Fady Joudah

Poetry is not cinema, not an emblem of modernity, but a reaction to it. Poetry, ancient as the human mind, has always been specific to place, locale, and time, without being necessarily defined by or confined to them. If modernity is the monopoly of one, then, yes, there is American poetry. If modernity is an oligarchy, then how can we discern what's American from what is French or Russian? If modernity is a democracy, a plethora of voices and styles, then is there such a thing as Global poetry? Poetry has always been universal, with the provincial as its springboard. Was Romanticism possible without Arabic? Was Arabic possible without Persian? Was language possible without echo? If anything is American about poetry today, it is the question. There is poetry in American, in Americana, and one must define what is American, first, in order to reach "American poetry." Such a search would hopefully send us into a whirling spell that blurs the self into others and others into self. What will remain of this unheralded democratic age of poetry? Perhaps what has always remained of poetry, any poetry, or perhaps we will just have to wait and see.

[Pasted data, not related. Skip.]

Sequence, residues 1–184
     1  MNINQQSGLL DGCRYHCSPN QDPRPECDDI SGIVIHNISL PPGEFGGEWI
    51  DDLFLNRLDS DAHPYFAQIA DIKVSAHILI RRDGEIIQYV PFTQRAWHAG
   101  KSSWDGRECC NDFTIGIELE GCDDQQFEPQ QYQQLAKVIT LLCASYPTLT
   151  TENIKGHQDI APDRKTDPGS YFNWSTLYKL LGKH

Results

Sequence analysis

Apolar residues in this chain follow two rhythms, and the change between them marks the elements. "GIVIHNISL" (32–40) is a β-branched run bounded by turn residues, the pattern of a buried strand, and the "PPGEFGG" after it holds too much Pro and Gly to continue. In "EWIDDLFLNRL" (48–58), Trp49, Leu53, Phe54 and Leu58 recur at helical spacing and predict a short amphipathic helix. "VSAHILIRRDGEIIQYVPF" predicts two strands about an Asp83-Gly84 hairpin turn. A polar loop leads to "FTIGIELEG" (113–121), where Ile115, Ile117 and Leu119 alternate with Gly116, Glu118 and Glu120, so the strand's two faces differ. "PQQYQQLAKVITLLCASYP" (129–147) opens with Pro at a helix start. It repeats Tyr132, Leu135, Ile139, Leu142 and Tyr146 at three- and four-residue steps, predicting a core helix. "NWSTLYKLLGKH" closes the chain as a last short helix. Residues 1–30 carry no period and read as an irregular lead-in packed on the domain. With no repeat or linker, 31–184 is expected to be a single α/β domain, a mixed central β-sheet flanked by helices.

If I ask myself the same question about Arabic poetry, what is "Arabic" about it, other than what is inherently private to it, I would come up with the same response: reflect the narcissus of decadence, power dialectics, their mirror-images, what lies in their wake.




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